ANN ARBOR, MICH., Dec. 22, 2011

Leading experts in Armenian Studies from around the world recently gathered at the University of Michigan to assess the current state of Armenian Studies in academic institutions in North America, Europe, and the Middle East. The cross-disciplinary meeting took place from October 14 - 16, 2011, as part of the ongoing project to assess "The State of Armenian Studies." The gathering was organized by the Armenian Studies Program of the University of Michigan, Ann Arbor, and convened parallel to events marking the 30th anniversary of the establishment of the first endowed chair in Armenian studies at the University in 1981 and of the Program itself.

 The special project has been able to gather a huge amount of information on Armenian studies and had made that information available to the participants for their analysis and comments.


Ambitious in its scope, the three-day meeting sought to have the input of these scholars to survey a wide array of programs, activities and publications in Armenian studies over the last 30 years throughout the world, not including Armenia. The research team at the University had prepared lists of books published in French, German, Farsi, English, Spanish, Turkish, Italian, and Russian; the gathering made an general assessment of publishing interests and trends and laid the groundwork to complete even more extensive surveys of works published in Armenian, Polish and other languages. The meeting sought to bring to light all of the undergraduate and graduate courses that have been offered in Armenian Studies over the last decade in order to better grasp how the next generation of scholars is being trained, and to make recommendations regarding what kinds of courses need to be offered in the future. The continuing relationships between Armenian studies as it stands in the university system and other institutions outside of that system - such as research centers, and archival and cultural organizations - were also surveyed and discussed. Additional reports were prepared separately to address the state of the field regionally, such a in the US, in Europe and in the Middle East.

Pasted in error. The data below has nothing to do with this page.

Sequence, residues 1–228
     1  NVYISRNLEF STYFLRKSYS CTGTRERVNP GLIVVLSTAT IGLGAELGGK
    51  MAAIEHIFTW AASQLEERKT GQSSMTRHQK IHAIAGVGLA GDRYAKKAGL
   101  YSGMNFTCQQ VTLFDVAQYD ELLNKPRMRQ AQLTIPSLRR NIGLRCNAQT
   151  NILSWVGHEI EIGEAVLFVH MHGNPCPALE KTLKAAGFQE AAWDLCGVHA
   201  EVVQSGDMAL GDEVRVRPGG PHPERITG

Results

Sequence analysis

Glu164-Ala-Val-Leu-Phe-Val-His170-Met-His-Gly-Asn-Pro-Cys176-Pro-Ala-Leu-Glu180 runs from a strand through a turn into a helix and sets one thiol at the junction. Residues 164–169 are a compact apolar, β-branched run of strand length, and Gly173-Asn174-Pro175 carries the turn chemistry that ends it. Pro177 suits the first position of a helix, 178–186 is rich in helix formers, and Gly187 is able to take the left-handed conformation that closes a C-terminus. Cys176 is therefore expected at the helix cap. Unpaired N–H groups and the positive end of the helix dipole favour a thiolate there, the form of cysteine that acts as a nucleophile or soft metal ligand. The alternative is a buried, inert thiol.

The goal of the meeting was to gain a more complete understanding of recent advances in scholarship relevant to the field as well as to survey avenues for future research, to discuss the relationship between Armenian Studies programs and the general public, to brainstorm how to attract both established professors already in the university as well as new students, and to ensure that scholars in Armenian Studies continue to produce work that is cutting-edge in terms of recent methodological and theoretical developments within greater academia.


The director of ASP, Gerard Libaridian, has been at the helm of the State of Armenian Studies Project for the last four years, and the recent gathering of scholars to discuss the findings of the project represents a milestone - but by no means an endpoint - in the ongoing project. Most recently, scholars were invited to respond to a series of questions about various dimensions of Armenian Studies. All respondents to the questionnaire were invited to continue the discussion at U-M in Ann Arbor. The participants included many seminal and active figures in the field, such as Robert Thompson, Ara Sanjian, Barlow Der Mugrdechian, Peter Cowe, Susan Pattie, Sergio La Porta, Robert Hewsen, Khachig Tololyan, Asbed Kotchikian, and Marc Mamigonian, as well as the faculty of ASP at U-M: Kathryn Babayan, Kevork Bardakjian, Ronald Suny, and Gerard Libaridian. Post-doctoral fellows and graduate students associated with ASP at U-M also participated in the discussion. Many others from around the world had participated in the preparation of the charts, lists, and special reports.


Generally, organizations that are dedicated to one academic discipline will assess overall trends in scholarship and make recommendations for future research and pedagogical practices every five to ten years. The problem, however, is that Armenian Studies is not a discipline - that is, a specific methodological approach to train a certain type of scholar, such as a historian, literary critic, anthropologist, sociologist, or political scientist - but rather a field related to every aspect of Armenian life past, present, and future. This is not a weakness of Armenian Studies, but is generally believed to be a strength of the field, as it is informed and shaped by many different kinds of scholars working together across multiple disciplines to create new bodies of knowledge. The flourishing of Armenian studies programs, however, has merited a report on par with what other disciplines produce every five to ten years. To this end, the meeting concluded with preliminary plans to publish a report on the state of Armenian Studies which could be put to good use by scholars around the world, as well as serve to inform the general public of what topics are of utmost importance today in Armenian Studies, how to continue to grow the field, what still needs to be done, and why it matters within and beyond academia.


The project is co-sponsored by the National Association for Armenian Studies and Research, based in Belmont, Mass., and the Society for Armenian Studies, currently chaired by Professor Bardakjian.